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Picks :
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Picks is a monthly sampling of Japan's art scene, offering commentary by a variety of reviewers about exhibitions at museums and galleries in recent weeks, with an emphasis on contemporary art by young artists.

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Tomoaki Ishihara: 34 Light Years
14 July - 12 August 2018
MEM
(Tokyo)
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In the 1980s, after graduating from Kyoto City University of Arts, Ishihara (b. 1959) began making a name for himself with three-dimensional works, notably his nude self-portrait photos printed onto spindle-like canvases, spirals and other irregular shapes. The self-portraits, he says, represent "a single process repeating the steps of turning an image into a body, the body into an image, and the image into an object."
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Fumi Arai: Painting Palette
5 - 17 June 2018
Gallery Fu
(Kanagawa)
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Arai casts a gimlet eye on everyday objects we tend to overlook, eliciting from them discomfiting aspects that she scrupulously commits to canvas. In the titular series shown at this Yokohama gallery, each work portrays the very palette used to paint it. Consequently, both the palette and its painted image change in parallel, but with a slight time lapse -- the painting is never really finished. It's a fascinating effect that might be described as tautological art.
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Tsuyoshi Abe: Control and Daily Life

15 - 25 June 2018
Launch Pad Gallery
(Kanagawa)
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Abe's first solo exhibition is about enumerating the constant stream of information that inundates our daily lives. Among the works are wall hangings printed with circular or square arrays of thousands of numbers. The sequences would appear to be random, but the frequency of certain series, like 0123, seems to hint at some hidden meaning. According to the artist, though, he simply picked numeric strings off of shopping receipts he'd collected.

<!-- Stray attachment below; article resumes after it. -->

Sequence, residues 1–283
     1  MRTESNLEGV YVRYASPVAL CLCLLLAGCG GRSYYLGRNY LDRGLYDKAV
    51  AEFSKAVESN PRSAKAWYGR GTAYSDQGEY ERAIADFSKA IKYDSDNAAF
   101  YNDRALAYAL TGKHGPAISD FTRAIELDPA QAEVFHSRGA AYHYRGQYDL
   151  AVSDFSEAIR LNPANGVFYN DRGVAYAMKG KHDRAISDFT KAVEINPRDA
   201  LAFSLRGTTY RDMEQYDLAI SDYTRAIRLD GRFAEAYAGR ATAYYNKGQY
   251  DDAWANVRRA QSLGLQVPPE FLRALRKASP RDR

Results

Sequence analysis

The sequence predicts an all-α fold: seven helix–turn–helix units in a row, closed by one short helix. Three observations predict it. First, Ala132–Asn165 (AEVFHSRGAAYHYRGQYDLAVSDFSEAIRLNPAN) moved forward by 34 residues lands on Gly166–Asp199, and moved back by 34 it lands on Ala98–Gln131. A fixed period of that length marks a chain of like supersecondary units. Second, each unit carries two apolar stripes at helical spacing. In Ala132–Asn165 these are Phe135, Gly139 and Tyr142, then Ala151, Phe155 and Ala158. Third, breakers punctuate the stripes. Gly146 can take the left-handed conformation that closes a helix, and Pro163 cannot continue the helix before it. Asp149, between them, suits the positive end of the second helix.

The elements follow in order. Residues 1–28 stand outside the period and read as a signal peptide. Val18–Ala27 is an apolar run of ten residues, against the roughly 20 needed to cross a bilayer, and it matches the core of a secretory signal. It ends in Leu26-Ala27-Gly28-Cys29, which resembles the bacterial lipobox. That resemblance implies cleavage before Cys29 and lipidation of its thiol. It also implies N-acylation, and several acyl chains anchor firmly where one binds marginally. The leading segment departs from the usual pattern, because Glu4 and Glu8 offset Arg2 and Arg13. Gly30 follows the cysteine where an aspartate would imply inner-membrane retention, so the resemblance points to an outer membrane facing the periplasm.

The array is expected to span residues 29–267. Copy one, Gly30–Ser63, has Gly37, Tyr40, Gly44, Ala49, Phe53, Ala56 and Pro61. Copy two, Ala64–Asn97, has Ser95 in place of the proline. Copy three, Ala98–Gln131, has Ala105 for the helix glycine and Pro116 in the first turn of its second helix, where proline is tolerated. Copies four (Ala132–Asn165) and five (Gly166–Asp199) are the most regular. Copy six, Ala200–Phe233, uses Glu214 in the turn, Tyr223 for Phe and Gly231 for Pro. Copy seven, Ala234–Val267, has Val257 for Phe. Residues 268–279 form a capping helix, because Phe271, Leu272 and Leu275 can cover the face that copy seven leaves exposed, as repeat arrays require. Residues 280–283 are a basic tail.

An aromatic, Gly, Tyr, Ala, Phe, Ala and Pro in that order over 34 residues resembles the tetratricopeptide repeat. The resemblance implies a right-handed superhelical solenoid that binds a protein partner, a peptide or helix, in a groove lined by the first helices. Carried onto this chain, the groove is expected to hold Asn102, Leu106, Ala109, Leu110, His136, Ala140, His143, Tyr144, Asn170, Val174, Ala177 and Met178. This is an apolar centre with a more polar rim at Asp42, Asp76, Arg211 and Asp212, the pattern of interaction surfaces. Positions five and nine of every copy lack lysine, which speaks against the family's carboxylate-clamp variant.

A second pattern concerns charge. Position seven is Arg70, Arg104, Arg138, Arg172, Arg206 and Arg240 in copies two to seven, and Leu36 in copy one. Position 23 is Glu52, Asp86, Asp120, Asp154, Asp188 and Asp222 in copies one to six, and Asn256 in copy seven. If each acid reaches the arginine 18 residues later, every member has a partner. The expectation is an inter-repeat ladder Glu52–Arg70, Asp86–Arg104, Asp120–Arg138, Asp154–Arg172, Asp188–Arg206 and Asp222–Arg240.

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Akakilike: Family Photo
22 - 24 June 2018
d-soko
(Tokyo)
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Akakilike is a performance unit consisting of dancer/director Midori Kurata and her technical staff. Family Photo was first performed in 2016 as a joint production by Kurata and photographer Kai Maetani. In this revival, the original performers were joined by dancer Kentaro Sato. The only stage prop is a long narrow folding table of the sort used in conference rooms. If viewed as recollections of a single family, many of the scenes may seem contradictory, but they eloquently express the tensions inherent in family relations.
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im/pulse
2 June - 8 July 2018
Kyoto City University of Arts @KCUA
(Kyoto)
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A group show introducing experiments in "audio-visual ethnography," the composite use of video, photography, sound, art and other media to take cultural anthropology beyond the bounds of conventional written ethnography. The centerpiece was HÍBRIDOS: The Spirits of Brazil, a looping, multiscreen video installation by Vincent Moon and Priscilla Telmon that immerses the viewer in the world of Brazilian spiritual ceremonies. It's a tour de force that imparts a visceral sense of the power of these rituals.